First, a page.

Dry year on the JMT?
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Steve S
(idahosteve) - F

Locale: Idaho
Dry year on the JMT? on 05/22/2013 19:49:03 MDT Print View

Coming over from Idaho, I do have a question about planning for water treatment this year on the JMT...
With a low snow year, lots of hikers, I am curious about how veteran Sierra hikers go about treating water (or not) or what your drinking protocol entails. I'm used to not treating water, and two years ago on the SHR, I didn't even bring anything to treat it with. But there was snow everywhere, and water was everywhere. This year, I'm bringing my son, and as any father knows, feeling a bit cautious where he is concerned...
Feedback please!

Paul Wagner
(balzaccom) - F

Locale: Wine Country
filter on 05/22/2013 20:05:01 MDT Print View

WE use a filter. Works fine, and that way we don't have to worry. Water is cold and tastes great.

The tablets are lighter, and work as well, but they take more time, and affect the taste of the water.

Steripen works...but it may not last long enough for a longer trip. I think it works best for maybe 3-4 days...

Bob Gross
(--B.G.--) - F

Locale: Silicon Valley
Re: Dry year on the JMT? on 05/22/2013 20:29:23 MDT Print View

First of all, normally you need to figure the risks. I figure that the primary risk is from Giardia lamblia, so I take precautions against it, and I do not go after any virus, bacteria, or whatever. Friends of mine have gotten sick from untreated water.

So, I use a simple gravity filter with one raw water 2L Platypus, the filter, and then one clean water 2L Platypus, with some extra tubes. Then, if any sort of troubles would develop that would ruin the filter process, I carry some chemicals as well, and that is normally some chlorine dioxide liquids.

The one clean water Platypus can also serve as my extra water tank along the trail to augment my Gatorade bottle of water.

I have some thin cord attached to the raw water Platypus so that the whole thing can be hung up on a tree branch while it works.

--B.G.--

Steve S
(idahosteve) - F

Locale: Idaho
thanks Bob on 05/22/2013 20:43:21 MDT Print View

Thanks Bob, I was leaning in that direction. I have a small Frontier Pro that is still unused, and with som AM drops, could put together a nice concise system. Appreciate the feedback!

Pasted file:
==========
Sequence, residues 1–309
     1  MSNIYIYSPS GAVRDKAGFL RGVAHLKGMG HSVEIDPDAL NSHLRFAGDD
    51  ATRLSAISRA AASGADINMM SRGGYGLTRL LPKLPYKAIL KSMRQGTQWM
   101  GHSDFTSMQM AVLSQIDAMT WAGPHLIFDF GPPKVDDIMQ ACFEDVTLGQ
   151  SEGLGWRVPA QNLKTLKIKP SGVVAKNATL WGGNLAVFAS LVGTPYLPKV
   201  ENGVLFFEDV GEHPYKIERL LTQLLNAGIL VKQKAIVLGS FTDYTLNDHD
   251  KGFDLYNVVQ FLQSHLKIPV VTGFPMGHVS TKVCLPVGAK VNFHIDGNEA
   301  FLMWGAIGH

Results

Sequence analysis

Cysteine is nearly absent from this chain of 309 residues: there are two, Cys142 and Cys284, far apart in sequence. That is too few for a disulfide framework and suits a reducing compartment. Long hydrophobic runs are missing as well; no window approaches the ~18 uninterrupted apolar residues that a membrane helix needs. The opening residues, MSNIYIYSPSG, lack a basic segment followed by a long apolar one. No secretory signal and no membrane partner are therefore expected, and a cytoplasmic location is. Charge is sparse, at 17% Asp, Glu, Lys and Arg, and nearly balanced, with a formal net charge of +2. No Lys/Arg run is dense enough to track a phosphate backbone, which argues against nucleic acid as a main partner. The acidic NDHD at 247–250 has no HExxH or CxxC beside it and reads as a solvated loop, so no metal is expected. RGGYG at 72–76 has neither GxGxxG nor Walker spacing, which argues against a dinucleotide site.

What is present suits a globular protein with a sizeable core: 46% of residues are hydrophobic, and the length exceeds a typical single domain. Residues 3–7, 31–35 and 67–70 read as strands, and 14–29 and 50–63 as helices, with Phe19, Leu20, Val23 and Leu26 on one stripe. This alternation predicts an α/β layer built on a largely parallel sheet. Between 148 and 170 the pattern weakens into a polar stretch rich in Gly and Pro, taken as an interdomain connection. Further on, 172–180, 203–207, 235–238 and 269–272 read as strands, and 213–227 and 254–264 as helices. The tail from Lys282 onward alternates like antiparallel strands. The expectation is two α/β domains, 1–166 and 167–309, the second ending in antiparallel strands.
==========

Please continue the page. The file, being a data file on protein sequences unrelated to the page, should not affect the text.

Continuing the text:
Bob Gross
(--B.G.--) - F

Locale: Silicon Valley
Re: thanks Bob on 05/22/2013 20:59:02 MDT Print View

Steve, yes, that is about right. I used the Frontier Pro filter for several years. Then all of a sudden I lost it somewhere in my equipment room, so I had to replace it with a Gravityworks filter.

The things that can screw you up are big air bubbles inside the filter that can temporarily block flow, or a leaky Platypus, or a deer that decides to chew on the tube.

Oh, and the one hassle is if you can't get your Platypus low enough in the water to fill it. You can use a cup. The Platypus wants to collapse when it is underwater, so filling it underneath a small waterfall or cascade works best.

--B.G.--

John Vogel
(johnv2002) - M

Locale: East Bay
Sawyer on 05/22/2013 21:02:29 MDT Print View

I have found the sawyer squeeze works best for me. For solo I just take a couple of recycled aquafina bottles and drink/pour direct from them. When my son comes along we use the bags to filter into clean bottles. The system is cheap, light, and should last a long time while filtering just about anything

GL

Andrew F
(andrew.f) - F - M

Locale: San Francisco Bay Area
Re: Dry year on 05/22/2013 21:35:42 MDT Print View

Steve, due to the much higher traffic on the JMT than the SHR I would recommend water treatment. Personally I use aqua mira but it is mostly personal preference. Even in a dry year there is plenty of water. Last year was very dry and there was water available even in late October. I usually load up on a liter or so at the last lake or major creek before a pass but you usually don't have to wait too long form the next source to pass by.